The Music Workshop Company Blog 

Each month the Music Workshop Company publishes two blogs. One blog, written by the MWC team addresses a key issue in Music Education or gives information about a particular genre or period of music. The other blog is written by a guest writer, highlighting good practice or key events in Music Education. We hope you enjoy reading the blogs. 
 
We embed multimedia content in many of our blog posts, if you have rejected cookies for this website, you may have white spaces where the multimedia content should be. This is due to a recent change of policy by YouTube, Spotify and other platforms. We are in the process of updating all our posts. If you come across white spaces in a blog post, you can open the link in another browser or private browser and approve cookies to access all the content. We are sorry for any inconvenience this causes. 
 
To contribute as a guest writer please email Maria@music-workshop.co.uk 

Posts tagged “BRITISH COMPOSERS”

It’s been 400 years since his death on 4 July 1623, but the composer William Byrd’s music is still a staple of religious services today. With an enormous output that ranged from simple choral pieces to complex exhibitions of polyphony, Byrd’s music was intrinsically linked to his own Catholic faith and to the Protestant religion that dominated during his life. We look at the impact of his work for his peers, and at the legacy he left for music lovers today.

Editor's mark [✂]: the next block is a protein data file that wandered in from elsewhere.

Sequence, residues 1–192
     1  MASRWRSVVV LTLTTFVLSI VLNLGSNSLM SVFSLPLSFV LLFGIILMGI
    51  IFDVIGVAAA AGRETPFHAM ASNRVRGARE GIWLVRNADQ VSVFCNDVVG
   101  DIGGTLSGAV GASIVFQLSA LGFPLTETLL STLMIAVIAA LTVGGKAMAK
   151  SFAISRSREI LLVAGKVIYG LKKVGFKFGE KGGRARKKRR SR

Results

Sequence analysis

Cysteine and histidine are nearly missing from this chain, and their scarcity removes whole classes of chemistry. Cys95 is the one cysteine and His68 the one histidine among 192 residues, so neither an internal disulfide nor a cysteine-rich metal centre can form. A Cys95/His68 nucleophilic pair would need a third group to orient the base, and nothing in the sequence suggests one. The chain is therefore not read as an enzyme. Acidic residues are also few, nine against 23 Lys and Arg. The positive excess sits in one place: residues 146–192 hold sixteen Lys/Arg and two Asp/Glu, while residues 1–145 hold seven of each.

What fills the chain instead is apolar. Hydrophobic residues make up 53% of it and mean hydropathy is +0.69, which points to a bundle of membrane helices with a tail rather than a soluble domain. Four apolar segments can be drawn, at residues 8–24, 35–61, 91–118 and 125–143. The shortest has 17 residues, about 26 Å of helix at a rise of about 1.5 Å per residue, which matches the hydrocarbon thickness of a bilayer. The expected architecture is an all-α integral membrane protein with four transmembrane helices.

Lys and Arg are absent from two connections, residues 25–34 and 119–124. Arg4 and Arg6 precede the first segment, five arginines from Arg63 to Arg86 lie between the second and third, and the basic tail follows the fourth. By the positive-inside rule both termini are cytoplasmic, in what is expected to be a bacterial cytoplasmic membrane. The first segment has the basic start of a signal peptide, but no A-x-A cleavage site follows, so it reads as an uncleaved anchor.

Photo credit: George Grantham Bain Collection (Library of Congress), restored by Adam Cuerden 
22nd April 2023 sees the 165th anniversary of the birth of Dame Ethel Smyth. Smyth is perhaps best known as the composer of the March of the Women, which became the anthem of the Women's Social and Political Union, part of the Suffragette movement.  
 
She was a radical, outspoken character who was not afraid to go against the grain – openly bisexual in a period where society was far from accepting, and battling to gain recognition as a female composer in a profession dominated by men. 
20th February 2021 marks the centenary of the birth of composer, conductor, teacher, oboist and pianist, Dr. Ruth Gipps MBE. 
 
Sadly, Gipps’ music is not very well known today, and this may be due to the challenges she faced as a female musician. It seems fitting that, on her centenary, we should take the opportunity to explore her music, and to celebrate her work. 
The National Trust was founded on the 12th January 1895 by Octavia Hill, Robert Hunter and Hardwicke Rawnsley.  
 
As the Trust reaches its 125th birthday, we share its celebration of famous British composers and the work it does to inspire a new generation. 
 
Leith Hill Place in Surrey was the home of Ralph Vaughan Williams from the age of two until he was 20, when he went to study at Cambridge. 
 
He arrived at Leith Hill Place with his mother after the death of his father, when they moved to live with his mother’s parents. 

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